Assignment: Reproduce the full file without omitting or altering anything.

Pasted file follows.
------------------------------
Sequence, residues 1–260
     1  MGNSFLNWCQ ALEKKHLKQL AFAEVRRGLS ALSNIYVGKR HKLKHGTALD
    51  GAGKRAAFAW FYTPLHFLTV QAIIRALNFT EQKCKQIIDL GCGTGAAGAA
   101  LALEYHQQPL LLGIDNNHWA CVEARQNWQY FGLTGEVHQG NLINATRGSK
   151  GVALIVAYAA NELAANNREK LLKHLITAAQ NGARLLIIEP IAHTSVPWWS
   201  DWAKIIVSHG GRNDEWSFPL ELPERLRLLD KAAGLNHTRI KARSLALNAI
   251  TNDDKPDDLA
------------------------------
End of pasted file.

Sequence, residues 1–260
     1  MGNSFLNWCQ ALEKKHLKQL AFAEVRRGLS ALSNIYVGKR HKLKHGTALD
    51  GAGKRAAFAW FYTPLHFLTV QAIIRALNFT EQKCKQIIDL GCGTGAAGAA
   101  LALEYHQQPL LLGIDNNHWA CVEARQNWQY FGLTGEVHQG NLINATRGSK
   151  GVALIVAYAA NELAANNREK LLKHLITAAQ NGARLLIIEP IAHTSVPWWS
   201  DWAKIIVSHG GRNDEWSFPL ELPERLRLLD KAAGLNHTRI KARSLALNAI
   251  TNDDKPDDLA